The U.K.’s corporate leaders were served notice this week: Start cutting boardroom pay and pension entitlements for top executives, or face a shareholder revolt.
BlackRock Corp., the world’s top asset management company, warned the U.K.’s top-ranking companies on Monday that they must start linking pay to performance and find ways to shore up the inequity between executive and standard worker pay rates.
The U.S.-based funds manager informed companies listed on London’s Financial Times Stock Exchange (FTSE) 350 index that new contracts must be in line with how the rest of the companies’ workforces are being paid. Approximately half of the FTSE 350 are preparing to submit their pay contracts for shareholder approval in the coming months.
“We consider misalignment of pay with performance as an indication of insufficient board oversight, which calls into question the quality of the board. We believe that shareholders should hold directors to a high standard in this regard,” Blackrock said, via a letter sent to more than 300 companies’ executive boards.
The letter comes amid increasing pressure for Britain’s largest employers to narrow the inequity between boardroom and standard workforce pay. According to the financial think tank High Pay Center, Britain’s highest-paid execs earn more in two days than most workers make in a year.
“The average pay ratio between FTSE100 CEOs and the average total pay of their employees in 2015 was 129:1,” the NGO states.”The figures show that pay for top company executives returning to work this new year will pass the U.K. average salary of [US$34,600 annually] … by around mid-day on ‘Fat Cat Wednesday.'” The nonprofit is calling on companies to make their pay ratios public and help track progress “on closing this gap.”
Blackrock’s warning isn’t really a surprise to many of U.K.’s top companies.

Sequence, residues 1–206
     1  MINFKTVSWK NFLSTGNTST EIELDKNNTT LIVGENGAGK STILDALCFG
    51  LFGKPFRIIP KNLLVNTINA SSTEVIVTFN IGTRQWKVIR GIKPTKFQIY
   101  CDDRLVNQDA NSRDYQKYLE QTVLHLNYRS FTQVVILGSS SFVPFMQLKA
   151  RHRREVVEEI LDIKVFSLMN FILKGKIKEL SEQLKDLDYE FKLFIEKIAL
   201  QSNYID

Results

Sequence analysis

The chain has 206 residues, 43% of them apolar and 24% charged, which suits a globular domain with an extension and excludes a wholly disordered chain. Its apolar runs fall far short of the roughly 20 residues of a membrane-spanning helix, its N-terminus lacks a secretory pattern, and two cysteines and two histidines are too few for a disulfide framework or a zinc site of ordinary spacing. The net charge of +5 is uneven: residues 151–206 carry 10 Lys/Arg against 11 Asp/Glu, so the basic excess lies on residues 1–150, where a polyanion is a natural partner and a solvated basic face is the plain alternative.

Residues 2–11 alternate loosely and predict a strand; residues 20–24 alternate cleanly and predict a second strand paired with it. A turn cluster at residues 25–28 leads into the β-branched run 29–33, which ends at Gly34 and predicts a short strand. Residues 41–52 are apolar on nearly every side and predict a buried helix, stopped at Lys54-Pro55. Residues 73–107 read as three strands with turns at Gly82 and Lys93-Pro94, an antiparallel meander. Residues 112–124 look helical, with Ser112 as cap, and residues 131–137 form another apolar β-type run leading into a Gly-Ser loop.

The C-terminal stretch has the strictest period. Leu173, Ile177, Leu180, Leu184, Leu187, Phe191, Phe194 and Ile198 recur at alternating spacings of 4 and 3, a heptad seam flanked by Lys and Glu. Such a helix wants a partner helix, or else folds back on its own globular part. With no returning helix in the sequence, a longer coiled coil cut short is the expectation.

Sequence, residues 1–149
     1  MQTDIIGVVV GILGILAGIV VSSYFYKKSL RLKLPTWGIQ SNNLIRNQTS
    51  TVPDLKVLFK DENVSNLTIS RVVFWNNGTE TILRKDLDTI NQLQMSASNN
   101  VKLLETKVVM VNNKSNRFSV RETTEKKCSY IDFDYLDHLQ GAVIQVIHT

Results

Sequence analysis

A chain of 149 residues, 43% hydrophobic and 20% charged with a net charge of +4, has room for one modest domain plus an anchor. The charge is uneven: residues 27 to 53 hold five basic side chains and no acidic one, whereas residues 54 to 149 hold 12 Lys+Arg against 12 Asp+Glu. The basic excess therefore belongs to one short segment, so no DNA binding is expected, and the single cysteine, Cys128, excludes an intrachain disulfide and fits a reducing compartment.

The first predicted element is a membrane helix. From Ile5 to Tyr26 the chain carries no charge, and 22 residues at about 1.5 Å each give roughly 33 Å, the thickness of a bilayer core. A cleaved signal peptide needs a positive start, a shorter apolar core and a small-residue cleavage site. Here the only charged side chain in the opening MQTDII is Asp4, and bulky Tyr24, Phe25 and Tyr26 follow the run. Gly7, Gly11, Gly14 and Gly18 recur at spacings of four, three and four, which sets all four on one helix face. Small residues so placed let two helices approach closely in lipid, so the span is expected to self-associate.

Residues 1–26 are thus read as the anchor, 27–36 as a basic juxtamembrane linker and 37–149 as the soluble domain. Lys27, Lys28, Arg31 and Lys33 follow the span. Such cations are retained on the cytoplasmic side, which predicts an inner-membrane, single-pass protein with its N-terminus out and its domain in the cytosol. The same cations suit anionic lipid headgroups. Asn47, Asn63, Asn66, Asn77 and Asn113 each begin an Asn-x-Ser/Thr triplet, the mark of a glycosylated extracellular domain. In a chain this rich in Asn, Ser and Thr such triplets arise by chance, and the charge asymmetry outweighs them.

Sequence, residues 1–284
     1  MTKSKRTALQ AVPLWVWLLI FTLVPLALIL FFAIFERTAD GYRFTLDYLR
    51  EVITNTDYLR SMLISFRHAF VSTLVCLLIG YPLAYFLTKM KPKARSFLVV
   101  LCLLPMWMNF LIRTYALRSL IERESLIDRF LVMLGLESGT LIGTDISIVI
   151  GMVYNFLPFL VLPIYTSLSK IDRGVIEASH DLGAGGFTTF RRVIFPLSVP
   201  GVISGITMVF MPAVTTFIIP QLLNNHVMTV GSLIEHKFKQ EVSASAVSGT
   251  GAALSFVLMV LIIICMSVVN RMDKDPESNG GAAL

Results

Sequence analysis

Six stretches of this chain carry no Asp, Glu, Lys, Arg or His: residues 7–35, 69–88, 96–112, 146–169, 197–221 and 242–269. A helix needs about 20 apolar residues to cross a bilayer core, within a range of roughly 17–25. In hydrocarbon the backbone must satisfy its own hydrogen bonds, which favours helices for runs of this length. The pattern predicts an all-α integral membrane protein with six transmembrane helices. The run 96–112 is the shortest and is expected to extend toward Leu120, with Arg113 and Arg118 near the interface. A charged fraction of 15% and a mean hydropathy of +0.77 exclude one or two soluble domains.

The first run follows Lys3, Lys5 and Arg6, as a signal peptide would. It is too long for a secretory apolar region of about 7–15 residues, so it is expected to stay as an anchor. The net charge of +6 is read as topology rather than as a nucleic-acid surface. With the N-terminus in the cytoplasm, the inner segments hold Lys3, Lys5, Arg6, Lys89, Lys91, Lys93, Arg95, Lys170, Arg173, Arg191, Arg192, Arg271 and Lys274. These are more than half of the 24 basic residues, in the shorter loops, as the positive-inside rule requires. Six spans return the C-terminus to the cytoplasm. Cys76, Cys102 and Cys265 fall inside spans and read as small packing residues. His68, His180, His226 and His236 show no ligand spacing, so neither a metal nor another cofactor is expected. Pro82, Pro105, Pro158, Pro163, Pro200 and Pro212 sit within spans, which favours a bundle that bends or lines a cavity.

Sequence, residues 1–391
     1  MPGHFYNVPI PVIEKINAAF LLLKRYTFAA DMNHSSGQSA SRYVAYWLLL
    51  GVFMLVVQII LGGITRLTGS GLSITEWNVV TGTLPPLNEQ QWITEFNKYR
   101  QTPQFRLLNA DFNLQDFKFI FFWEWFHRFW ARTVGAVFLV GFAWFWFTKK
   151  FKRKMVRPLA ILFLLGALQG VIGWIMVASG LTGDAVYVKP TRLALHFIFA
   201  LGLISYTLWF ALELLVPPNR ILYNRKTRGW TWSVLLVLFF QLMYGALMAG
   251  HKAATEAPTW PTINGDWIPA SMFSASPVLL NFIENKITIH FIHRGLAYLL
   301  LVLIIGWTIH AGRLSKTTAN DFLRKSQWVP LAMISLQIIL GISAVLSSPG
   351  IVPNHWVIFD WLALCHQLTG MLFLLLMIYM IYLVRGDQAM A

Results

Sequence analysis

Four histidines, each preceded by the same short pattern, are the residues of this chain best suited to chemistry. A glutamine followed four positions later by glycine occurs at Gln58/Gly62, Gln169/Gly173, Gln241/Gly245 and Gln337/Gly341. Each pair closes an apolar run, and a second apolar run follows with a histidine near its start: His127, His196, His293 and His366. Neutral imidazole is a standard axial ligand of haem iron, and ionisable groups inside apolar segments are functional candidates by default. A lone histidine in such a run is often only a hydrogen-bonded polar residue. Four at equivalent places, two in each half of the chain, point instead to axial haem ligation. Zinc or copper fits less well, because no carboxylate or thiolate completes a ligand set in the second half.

Last year shareholders refused to approve a US$17 million pay increase for BP’s top executive after the company reported substantial losses that resulted in freezing employees’ pay.
Other companies, including the medical equipment company Smith & Nephew, have faced similar criticism — leading BlackRock to caution corporations about proposing executive increases that aren’t accompanied with “strong supporting rationale.” The asset manager continued: “Large increases should not be justified principally by benchmarking.”
Some executives who found themselves under fire say the scrutiny is unfair. Sir Martin Sorrell, who founded Wire and Plastics Products in 1985, is up for a pay increase this year. If shareholders approve the proposal, he’ll be earning roughly $86 million.
“WPP capitalized at [1 million British pounds in 1985],” Sorrell said, noting that it’s now valued at around $26 million. “Over those 31 years … I have taken a significant degree of risk. [WPP] is where my wealth is. It is a long effort over a long period of time.”
Sorrell has faced stiff opposition from shareholders in the past. He’s likely to see a repeat of that when the pay increase comes up for a vote in June.
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